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In the context of the law of the Netherlands, the term gedogen (toleration, although gedogen does not literally mean toleration. One can describe it best as toleration in law, but not in culture.) refers to not enforcing certain laws. The Dutch government tolerates some offences. Some things like possessing small amounts of marijuana are formally forbidden by law, but the Dutch government abstains from bringing criminal charges against the offenders. Often these policies are brought about by a tension between treaty obligations and domestic politics. See policies on marijuana and euthanasia for more information.
The opposite of gedogen is zero-tolerance.
- Leuw, Ian; Haen Marshall, Ineke (1994). Between Prohibition and Legalisation: The Dutch Experiment in Drug Policy. New York: Kugler Publications. ISBN 9789062991037.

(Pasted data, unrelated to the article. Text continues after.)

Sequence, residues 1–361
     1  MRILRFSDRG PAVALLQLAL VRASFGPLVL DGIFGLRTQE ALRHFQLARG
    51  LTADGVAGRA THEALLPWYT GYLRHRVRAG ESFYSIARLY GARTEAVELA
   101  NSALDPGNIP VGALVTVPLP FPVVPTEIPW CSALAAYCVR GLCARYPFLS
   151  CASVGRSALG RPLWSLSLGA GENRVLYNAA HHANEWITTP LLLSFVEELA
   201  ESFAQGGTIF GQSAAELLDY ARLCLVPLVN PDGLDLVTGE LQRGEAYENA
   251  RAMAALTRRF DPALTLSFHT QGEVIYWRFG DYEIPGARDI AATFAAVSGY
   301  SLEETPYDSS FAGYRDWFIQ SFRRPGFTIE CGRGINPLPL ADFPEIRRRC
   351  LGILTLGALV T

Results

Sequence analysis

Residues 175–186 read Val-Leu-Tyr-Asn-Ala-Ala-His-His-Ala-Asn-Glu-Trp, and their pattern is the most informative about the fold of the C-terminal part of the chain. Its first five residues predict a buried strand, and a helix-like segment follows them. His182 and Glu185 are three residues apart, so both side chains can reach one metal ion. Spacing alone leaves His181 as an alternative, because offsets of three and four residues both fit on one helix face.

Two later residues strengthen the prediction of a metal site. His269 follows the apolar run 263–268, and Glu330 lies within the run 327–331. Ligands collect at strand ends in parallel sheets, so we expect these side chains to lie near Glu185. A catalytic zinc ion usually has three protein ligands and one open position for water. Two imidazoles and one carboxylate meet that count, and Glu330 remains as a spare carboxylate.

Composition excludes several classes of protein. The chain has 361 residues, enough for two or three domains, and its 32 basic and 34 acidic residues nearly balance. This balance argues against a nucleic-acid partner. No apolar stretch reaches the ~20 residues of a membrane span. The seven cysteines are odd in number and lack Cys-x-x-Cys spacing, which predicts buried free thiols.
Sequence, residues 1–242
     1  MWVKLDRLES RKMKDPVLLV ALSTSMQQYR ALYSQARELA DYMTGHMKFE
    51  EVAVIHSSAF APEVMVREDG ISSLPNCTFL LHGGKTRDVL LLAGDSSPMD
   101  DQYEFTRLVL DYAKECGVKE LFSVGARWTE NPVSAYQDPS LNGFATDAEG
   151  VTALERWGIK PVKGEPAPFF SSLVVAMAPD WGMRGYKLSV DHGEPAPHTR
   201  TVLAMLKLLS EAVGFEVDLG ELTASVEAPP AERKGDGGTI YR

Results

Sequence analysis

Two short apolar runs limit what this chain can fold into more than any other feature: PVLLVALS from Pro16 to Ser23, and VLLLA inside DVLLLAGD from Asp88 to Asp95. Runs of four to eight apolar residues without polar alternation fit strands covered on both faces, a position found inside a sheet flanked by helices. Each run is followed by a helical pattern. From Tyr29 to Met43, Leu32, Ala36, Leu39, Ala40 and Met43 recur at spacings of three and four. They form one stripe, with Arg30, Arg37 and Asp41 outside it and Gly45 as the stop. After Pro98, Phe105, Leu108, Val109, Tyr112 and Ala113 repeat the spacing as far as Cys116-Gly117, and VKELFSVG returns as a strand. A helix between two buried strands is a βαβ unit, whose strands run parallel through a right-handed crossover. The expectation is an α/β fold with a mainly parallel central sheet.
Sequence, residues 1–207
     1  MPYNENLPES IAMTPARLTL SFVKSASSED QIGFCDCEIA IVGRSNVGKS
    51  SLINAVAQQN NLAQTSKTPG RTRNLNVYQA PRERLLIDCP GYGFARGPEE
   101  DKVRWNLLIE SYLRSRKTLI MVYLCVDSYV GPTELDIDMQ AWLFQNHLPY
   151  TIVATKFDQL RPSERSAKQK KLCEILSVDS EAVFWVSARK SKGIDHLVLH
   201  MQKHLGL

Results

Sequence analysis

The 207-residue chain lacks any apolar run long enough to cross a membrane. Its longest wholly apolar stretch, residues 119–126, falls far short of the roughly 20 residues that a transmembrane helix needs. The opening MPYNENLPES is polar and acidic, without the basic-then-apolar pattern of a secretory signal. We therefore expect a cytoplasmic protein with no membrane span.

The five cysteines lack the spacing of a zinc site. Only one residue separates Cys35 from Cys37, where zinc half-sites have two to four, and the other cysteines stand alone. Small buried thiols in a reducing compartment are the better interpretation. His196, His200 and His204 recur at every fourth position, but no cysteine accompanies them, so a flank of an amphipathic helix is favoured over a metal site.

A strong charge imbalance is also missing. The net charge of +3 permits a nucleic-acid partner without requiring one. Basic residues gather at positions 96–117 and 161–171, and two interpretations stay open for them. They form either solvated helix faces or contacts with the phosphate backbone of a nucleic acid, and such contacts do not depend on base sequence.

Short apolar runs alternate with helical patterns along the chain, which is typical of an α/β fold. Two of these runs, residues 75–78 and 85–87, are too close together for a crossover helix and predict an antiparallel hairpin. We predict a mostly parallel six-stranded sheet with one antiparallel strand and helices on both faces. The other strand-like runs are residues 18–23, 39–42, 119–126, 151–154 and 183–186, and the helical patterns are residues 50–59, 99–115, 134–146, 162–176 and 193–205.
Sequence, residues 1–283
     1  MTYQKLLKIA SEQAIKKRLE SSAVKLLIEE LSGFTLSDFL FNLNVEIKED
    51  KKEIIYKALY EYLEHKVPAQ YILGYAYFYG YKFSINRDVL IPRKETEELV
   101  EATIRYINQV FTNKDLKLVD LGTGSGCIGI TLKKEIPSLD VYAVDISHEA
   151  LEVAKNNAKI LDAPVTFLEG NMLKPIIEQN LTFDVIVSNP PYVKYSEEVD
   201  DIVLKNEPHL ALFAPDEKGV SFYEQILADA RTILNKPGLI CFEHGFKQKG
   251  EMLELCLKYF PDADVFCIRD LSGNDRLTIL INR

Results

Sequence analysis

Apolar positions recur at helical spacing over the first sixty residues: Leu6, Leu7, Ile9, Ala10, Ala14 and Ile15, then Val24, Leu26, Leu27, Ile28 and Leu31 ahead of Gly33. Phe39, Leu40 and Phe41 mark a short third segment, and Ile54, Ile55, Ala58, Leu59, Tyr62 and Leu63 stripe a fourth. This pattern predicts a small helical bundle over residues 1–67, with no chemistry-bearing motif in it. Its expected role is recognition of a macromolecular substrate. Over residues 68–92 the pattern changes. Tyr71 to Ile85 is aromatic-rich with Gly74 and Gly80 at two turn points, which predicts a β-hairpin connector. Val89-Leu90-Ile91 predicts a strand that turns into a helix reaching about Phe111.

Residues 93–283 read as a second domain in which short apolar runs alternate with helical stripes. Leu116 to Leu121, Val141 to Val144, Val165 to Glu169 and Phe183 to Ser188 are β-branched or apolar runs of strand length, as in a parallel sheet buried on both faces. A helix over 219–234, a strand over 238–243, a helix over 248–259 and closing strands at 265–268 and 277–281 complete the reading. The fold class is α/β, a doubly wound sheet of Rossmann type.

- Youngner, Stuart J.; Kimsma, Gerrit K. (2012). Physician-Assisted Dying in Perspective: Assessing the Dutch Experience. Cambridge: Cambridge University Press.
- Ian Leuw and I. Hean Marshall: Between Prohibition and Legalisation: The Dutch Experiment in Drug Policy: New York: Kugler: 1994
- Stuart Younger and Gerrit Kinsma (eds) Physician Assisted Dying in Perspective: Assessing the Dutch Experience: Cambridge: Cambridge University Press: 2012